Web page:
Cowen under fire on land deal
He gave body go-ahead to borrow €127m
TAOISEACH Brian Cowen was facing intense pressure last night over his involvement in a major land deal which cost €200m more than the property was initially valued.
Mr Cowen allowed the Dublin Docklands Development Authority (DDDA) borrow up to €127m towards the purchase of the Irish Glass Bottle site in 2006, based on an estimate that the land would be worth €220m.
But within days of the decision, the site was bought by the DDDA, in partnership with businessmen Bernard McNamara and Derek Quinlan, for €426.8m.
The disclosures have raised serious questions over Mr Cowen's judgment, with taxpayers now facing the prospect of a €500m hit after the value of the site collapsed. Mr Cowen was already under intense pressure before yesterday's revelations, with growing dissatisfaction among government backbenchers about his leadership.
The Taoiseach last night failed to answer a series of queries submitted by the Irish Independent about the affair.
As Minister for Finance at the time, his approval was essential before the DDDA could borrow from Anglo Irish Bank to fund its 26pc stake in the site. Internal Department of Finance documents released to Fine Gael under the Freedom of Information Act indicated the decision to give the DDDA permission to draw down the loan was rushed through after being considered for just 14 days.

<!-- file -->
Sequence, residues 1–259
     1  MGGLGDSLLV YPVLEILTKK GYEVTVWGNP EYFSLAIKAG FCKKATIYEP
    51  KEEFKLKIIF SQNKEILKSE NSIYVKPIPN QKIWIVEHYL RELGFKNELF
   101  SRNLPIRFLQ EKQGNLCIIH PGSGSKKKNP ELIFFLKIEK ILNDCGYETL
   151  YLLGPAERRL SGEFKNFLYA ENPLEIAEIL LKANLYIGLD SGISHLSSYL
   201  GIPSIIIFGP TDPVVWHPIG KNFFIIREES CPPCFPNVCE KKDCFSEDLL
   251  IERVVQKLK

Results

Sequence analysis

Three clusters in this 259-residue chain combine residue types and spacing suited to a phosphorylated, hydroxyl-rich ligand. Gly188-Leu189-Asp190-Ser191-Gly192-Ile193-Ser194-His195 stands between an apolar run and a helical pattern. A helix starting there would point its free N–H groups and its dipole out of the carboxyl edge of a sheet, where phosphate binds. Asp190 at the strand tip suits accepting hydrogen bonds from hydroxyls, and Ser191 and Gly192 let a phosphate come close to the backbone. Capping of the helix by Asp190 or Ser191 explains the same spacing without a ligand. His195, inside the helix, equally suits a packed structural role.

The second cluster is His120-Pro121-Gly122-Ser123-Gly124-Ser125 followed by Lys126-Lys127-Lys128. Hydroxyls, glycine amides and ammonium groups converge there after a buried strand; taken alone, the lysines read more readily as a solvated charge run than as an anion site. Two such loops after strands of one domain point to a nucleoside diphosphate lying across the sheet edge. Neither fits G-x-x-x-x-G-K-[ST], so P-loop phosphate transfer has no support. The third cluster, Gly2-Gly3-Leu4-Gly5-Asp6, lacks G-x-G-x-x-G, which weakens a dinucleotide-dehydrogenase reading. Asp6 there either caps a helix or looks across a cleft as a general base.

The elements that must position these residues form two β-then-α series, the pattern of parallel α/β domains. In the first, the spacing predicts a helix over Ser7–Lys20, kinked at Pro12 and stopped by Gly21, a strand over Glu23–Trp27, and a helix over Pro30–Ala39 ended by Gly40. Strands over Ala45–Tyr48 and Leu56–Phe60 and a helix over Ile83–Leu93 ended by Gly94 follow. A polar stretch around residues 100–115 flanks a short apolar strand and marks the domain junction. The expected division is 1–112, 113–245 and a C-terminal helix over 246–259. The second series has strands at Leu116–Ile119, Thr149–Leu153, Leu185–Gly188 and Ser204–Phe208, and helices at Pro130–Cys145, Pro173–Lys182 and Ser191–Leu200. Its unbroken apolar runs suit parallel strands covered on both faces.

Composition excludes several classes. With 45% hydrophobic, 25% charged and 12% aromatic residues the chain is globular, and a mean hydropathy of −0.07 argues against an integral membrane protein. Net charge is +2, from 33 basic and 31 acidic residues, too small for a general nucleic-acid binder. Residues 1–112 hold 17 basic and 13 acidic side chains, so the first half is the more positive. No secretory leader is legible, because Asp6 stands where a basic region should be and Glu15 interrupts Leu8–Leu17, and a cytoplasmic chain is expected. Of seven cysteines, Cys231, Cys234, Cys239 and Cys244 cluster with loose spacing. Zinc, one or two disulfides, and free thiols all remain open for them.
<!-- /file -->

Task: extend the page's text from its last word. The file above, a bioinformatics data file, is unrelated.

The DDDA told the Department of Finance the Irish Glass Bottle site would be worth €220m once fully developed.
However, the Department of Finance did not request a formal valuation which may have given a truer picture of what the site would have sold for.
The documents also suggest that Mr Cowen and the department did not do due proper diligence before allowing the DDDA draw down the loan.
Although some officials raised concerns over the ability of the DDDA to repay the loan, it was ultimately recommended to Mr Cowen that he could sanction the borrowing on the basis that the DDDA was self-financing and would be able to repay the money. However, a leaked report revealed earlier this week that the DDDA was now financially crippled by having to meet a €5m-a-year interest bill and had written down the value of its share in the site to nil.
Mr Cowen refused to say last night whether he now believed the advice of his officials had been flawed.
A spokesman for Mr Cowen said the Taoiseach had absolutely no difficulty accounting for any decision he took while holding ministerial office, He said any decision Mr Cowen took as finance minister was based on the best advice available to him.
The spokesman said Mr Cowen was adamant he had no role in sanctioning the purchase of the Irish Glass Bottle site. He said Mr Cowen's only role was to give consent to the DDDA to borrow up to a €127m limit set down in legislation.
However Fine Gael environment spokesman Phil Hogan accused Mr Cowen of "dodging the truth of the matter".
"If the Minister for Finance had not signed off on the purchase of the Irish Glass Bottle Site, the DDDA could not have taken part in the deal. He had to specifically approve the borrowing for the purchase," said Mr Hogan.